Saturday, September 1, 2018
On August 22, 2018 one of the giants of twentieth century printmaking passed away at the age of 93. N. Krishna Reddy was instrumental in making printmaking something unique, not merely a secondary medium for creating a reproduction of an artwork in another form, as it had been perceived for much of the fifteenth through nineteenth centuries. He and his mentor, Stanley William Hayter, are far from common household names, yet their impact on Modernism proved fruitful in shaping the processes and works of some of the key figures of midcentury Modernism, such as Joan Miro, Louise Nevelson, Pablo Picasso, and Jackson Pollock.
Reddy was born in a small town in India in 1925. He went to university in his home country and began teaching art there in the 1940s. At this point he was working primarily in sculpture and painting. After WWII, as Europe was beginning to rebuild, Reddy made his way west and first settled in London in 1949. There he studied sculpture with Henry Moore. By the next year he had moved on to Paris where he also studied sculpture with Ossip Zadkine.
Stanley Hayter had first set up his workshop (Atelier 17, but now running as Atelier Contrepoint) in the late 1920s. It was a meeting place for artists from around the world, who had come to Paris to study the evolving styles of early abstraction. Hayter’s workspace and press allowed these artists to try their hand at engraving and etching, even if their primary media were something other than printmaking. With the onset of WWII Hayter moved Atelier 17 to New York City for a period, but by the time Krishna Reddy was in Paris, Hayter had returned and was running both the American and French versions of the workshop for a period.
Reddy took to printmaking, especially engraving, right away. He shared Hayter’s enthusiasm for the direct processes of working a metal plate. Eventually, during the 1950s, Reddy was named as a co-director of Atelier 17 in Paris. It was not odd that an individual who had originally trained as a sculptor would become a director of the most significant printmaking workshop in the world. Hayter, himself, had started out as a painter and continued to paint throughout his life. Helen Phillips, Hayter’s second wife, was also primarily a sculptor before she met her husband and began working in etching and engraving processes. This was also the case for the American Shirley Witebsky, Krishna Reddy’s first wife. With this group of very physical printmakers it was no wonder that some new, experimental, and significant changes would soon be discovered at Atelier 17.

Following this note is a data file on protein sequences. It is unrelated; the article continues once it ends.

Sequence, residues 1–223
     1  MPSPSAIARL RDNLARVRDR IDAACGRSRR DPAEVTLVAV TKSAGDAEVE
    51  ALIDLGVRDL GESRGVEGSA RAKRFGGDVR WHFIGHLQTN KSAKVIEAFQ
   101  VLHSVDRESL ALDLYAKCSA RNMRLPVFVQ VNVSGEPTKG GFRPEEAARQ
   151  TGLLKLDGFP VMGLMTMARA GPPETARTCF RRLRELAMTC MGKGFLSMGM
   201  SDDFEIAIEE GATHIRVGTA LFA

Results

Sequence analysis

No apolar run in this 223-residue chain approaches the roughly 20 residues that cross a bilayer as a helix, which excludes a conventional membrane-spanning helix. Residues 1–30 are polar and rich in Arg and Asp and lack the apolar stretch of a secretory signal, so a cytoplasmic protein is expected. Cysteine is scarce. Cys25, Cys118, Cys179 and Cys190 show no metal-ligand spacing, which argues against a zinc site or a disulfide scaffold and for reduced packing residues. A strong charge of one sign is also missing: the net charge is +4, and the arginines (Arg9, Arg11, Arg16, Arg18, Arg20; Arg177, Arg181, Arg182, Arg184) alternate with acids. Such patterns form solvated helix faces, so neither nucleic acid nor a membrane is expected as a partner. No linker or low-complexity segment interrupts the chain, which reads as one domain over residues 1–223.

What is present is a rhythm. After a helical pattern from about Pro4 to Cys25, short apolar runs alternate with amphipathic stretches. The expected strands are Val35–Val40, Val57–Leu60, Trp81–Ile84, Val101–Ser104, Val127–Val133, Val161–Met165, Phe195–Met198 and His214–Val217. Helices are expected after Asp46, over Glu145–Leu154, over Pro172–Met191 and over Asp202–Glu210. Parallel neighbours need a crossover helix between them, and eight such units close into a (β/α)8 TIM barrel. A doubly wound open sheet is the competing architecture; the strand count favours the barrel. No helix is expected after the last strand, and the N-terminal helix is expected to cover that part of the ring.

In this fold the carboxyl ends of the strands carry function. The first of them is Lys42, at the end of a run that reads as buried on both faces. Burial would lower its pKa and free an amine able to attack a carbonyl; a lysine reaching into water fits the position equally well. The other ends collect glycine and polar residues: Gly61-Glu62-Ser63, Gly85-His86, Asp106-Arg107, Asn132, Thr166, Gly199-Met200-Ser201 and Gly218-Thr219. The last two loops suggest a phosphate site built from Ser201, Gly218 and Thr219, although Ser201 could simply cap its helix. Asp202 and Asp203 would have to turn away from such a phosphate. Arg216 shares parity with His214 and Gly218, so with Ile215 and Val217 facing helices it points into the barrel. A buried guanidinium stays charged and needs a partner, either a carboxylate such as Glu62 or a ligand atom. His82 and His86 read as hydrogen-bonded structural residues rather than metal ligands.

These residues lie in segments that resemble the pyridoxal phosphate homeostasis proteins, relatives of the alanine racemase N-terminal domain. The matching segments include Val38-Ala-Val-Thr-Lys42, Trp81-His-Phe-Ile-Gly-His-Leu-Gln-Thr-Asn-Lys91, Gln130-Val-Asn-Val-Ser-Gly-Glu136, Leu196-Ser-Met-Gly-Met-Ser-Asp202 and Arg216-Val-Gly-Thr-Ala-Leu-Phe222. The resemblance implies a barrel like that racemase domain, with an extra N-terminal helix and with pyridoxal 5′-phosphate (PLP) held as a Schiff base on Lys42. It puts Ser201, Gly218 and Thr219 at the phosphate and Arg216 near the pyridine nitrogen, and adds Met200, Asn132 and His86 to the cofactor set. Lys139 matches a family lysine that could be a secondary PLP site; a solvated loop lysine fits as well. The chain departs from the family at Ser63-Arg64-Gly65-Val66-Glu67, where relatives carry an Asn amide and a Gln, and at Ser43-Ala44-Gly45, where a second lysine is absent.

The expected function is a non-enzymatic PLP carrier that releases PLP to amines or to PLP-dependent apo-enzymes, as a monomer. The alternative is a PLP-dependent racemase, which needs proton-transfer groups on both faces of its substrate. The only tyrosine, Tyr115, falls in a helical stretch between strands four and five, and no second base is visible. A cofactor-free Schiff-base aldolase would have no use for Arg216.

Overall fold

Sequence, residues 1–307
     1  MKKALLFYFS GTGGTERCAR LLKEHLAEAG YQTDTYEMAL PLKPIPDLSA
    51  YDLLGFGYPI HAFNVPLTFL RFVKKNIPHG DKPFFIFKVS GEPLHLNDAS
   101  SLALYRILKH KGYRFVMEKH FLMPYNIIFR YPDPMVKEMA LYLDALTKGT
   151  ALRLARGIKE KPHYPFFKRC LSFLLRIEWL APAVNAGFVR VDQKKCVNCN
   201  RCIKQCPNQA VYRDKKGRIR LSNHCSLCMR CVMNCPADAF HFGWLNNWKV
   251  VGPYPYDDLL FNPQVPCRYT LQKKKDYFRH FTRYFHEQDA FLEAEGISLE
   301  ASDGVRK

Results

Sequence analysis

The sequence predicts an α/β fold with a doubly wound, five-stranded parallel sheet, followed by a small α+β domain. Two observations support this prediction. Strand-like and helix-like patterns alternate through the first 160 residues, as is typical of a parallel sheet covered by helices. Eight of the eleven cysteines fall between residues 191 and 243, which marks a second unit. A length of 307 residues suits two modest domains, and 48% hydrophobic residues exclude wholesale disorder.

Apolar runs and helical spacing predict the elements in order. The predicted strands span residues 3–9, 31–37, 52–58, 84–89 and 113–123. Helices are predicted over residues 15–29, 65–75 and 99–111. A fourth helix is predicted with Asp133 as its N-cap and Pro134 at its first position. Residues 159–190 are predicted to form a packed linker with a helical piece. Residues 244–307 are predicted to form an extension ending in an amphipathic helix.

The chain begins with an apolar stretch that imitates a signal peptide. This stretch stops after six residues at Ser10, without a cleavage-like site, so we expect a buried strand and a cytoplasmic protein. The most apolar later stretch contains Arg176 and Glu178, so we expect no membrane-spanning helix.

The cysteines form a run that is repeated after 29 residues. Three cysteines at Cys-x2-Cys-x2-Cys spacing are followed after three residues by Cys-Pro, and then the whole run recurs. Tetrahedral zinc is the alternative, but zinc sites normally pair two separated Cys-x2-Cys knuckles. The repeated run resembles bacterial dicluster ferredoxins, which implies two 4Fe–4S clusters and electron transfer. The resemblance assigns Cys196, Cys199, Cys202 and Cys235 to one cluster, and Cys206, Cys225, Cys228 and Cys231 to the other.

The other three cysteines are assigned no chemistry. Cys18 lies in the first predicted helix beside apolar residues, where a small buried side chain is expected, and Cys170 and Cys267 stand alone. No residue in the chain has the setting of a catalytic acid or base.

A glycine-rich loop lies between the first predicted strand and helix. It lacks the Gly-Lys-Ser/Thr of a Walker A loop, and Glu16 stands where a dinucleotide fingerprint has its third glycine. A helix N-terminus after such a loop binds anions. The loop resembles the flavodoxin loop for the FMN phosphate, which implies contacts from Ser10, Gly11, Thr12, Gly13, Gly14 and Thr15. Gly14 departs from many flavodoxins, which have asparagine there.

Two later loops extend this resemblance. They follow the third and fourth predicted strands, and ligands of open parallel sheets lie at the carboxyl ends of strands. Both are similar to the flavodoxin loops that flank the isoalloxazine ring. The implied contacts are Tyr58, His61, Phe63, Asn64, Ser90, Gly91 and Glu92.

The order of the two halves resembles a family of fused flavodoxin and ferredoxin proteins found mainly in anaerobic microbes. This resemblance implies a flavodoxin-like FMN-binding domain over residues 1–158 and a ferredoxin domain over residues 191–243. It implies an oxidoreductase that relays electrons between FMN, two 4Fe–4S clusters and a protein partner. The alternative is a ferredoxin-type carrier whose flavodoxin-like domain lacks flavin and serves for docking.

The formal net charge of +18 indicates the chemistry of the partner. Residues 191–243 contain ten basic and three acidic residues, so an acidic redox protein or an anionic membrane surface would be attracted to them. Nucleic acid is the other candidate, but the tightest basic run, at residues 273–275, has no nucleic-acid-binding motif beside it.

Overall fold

The most famous technique to come out of Atelier 17 is often called Color Viscosity Etching. It was usually called Simultaneous Color Intaglio printing by both Hayter and Reddy. The process was discovered somewhat accidentally by Reddy and his fellow countryman, Kaiko Moti, before being fully developed by Hayter and Reddy. At its root is the tendency for two oil-based inks to reject each other when one is oilier than the other. If an oilier ink is rolled onto the surface of a plate, another, tackier ink can be rolled over the first inking without disrupting that initial ink surface. This became most important when the sculptural aspects of Reddy’s (and others’) works allowed rollers of different densities to apply the inks. A hard roller would deposit an oily ink on the top surface of the etching plate, whereas a softer roller with a tackier ink could deposit ink on a lower surface, while not changing the ink from the previous roller. This discovery finally achieved the effect that Hayter had long been searching for—a way to ink an etching plate in colors so that it could be sent through the press only once.